Friday, June 15, 2012


Leaving Utah, we crossed into Nevada on Highway 50, the "Lonliest Road in America." 

We made a detour to cross Great Basin National Park off of our life list.  We had neither the time nor the motivation for spelunking  or wilderness camping, so it didn't take long.

There are some people living out there . . . 

 "Doesn't look like much", you say.  That's because we don't yet have smell-o-vision.  We were stopped here for a bit due to road construction.  What you don't know is that it smelled like honey.  Sweet, golden, delicious, sage honey.  If only it could have been bottled to bring back.

Salt flats . . . 

All-in-all it was a great trip and we didn't kill each other.  We are already yearning to just get back on the road and keep on rolling.  The time will come, and it won't be all that long.

Wednesday, June 13, 2012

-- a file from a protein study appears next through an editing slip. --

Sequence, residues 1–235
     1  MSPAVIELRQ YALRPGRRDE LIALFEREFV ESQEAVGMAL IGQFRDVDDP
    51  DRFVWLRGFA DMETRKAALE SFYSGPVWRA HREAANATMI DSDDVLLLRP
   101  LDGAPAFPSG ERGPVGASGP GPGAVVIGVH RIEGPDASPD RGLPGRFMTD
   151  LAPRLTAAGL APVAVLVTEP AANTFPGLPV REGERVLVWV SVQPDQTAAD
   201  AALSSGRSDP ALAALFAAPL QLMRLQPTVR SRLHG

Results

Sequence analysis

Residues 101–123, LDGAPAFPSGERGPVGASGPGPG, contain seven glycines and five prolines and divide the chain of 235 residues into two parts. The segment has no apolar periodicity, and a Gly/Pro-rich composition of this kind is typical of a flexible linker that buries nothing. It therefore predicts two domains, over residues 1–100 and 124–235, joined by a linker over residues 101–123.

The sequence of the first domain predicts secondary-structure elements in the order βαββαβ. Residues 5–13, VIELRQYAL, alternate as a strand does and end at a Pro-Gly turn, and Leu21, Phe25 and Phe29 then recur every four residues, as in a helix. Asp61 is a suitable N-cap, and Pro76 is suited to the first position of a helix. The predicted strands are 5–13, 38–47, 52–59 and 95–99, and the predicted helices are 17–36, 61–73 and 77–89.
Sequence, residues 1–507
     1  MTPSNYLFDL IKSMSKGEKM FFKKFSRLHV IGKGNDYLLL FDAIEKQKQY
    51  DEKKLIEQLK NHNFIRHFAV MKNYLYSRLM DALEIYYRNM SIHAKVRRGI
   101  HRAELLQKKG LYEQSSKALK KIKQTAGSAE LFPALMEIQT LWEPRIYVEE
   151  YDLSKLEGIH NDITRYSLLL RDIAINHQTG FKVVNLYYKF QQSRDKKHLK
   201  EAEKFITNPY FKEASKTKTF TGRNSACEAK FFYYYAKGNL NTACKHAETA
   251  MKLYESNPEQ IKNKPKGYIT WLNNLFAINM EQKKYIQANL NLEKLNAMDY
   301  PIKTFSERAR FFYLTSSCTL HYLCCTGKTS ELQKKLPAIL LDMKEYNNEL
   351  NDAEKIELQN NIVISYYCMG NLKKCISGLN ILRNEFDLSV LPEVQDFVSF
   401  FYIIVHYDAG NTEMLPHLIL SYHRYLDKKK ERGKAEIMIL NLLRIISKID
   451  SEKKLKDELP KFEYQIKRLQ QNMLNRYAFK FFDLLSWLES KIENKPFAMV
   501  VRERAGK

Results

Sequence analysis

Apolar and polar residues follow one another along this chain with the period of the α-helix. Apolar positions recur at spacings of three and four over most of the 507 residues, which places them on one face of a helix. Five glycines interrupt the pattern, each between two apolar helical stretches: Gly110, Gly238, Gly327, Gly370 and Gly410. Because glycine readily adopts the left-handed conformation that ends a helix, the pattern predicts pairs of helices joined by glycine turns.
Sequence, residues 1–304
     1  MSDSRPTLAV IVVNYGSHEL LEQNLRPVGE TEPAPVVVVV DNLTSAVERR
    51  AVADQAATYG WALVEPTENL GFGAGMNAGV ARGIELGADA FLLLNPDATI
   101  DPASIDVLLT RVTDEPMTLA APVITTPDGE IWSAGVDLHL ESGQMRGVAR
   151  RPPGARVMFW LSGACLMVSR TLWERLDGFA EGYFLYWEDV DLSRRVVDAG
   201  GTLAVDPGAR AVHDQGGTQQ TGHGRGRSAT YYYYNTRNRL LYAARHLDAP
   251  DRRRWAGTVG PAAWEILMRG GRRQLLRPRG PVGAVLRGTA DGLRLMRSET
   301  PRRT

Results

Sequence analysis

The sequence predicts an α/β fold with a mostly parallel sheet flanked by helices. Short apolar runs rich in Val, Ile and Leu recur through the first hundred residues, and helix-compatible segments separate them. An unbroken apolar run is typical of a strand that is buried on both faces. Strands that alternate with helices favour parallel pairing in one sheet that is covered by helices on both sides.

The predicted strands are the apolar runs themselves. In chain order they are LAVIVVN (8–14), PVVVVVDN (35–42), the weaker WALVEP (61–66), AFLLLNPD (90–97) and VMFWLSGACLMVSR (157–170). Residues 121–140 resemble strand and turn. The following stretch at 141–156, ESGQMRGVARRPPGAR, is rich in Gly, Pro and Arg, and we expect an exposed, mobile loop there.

How fitting that we were there on a "Wordless Wednesday".  Here are just a few of the hundreds of pictures. ©2012 Tom Cannon.  

Cannonville again, from above.

Fairy tale castles.

An overly-friendly raven entertained tourists.  No zoom was needed for this picture.

Ups and Downs

Sometimes on your travels you just fall into something.  Although in this case "fall into" is the opposite of the truth.  Somehow we missed that the road between Capitol Reef National Park and Bryce Canyon National Park went through Grand Staircase-Escalante National Monument.  And when we did notice it on the map, we had no idea of what was there.

First, the road climbs.  Up and up you go.  Then it runs along the top of a narrow ridge, with a steep drop off on both sides.  Incredible vistas.


Then you drop down into the river canyon.

Then up once again.

The Escalante (#15) would hardly be called a river by PNW standard, except for the landscape it has wrought.

My attempt to get a picture for identification.  These purple-flowering bushes were common in the area.  Anyone?

Tom: we live here, ok?

Cannonville is a town right outside of Bryce Canyon.

Arial view from Wiki

There were several unusually large houses in the area . . .  but I have no prejudices against people-with-large-houses.

 What a beautiful area. . .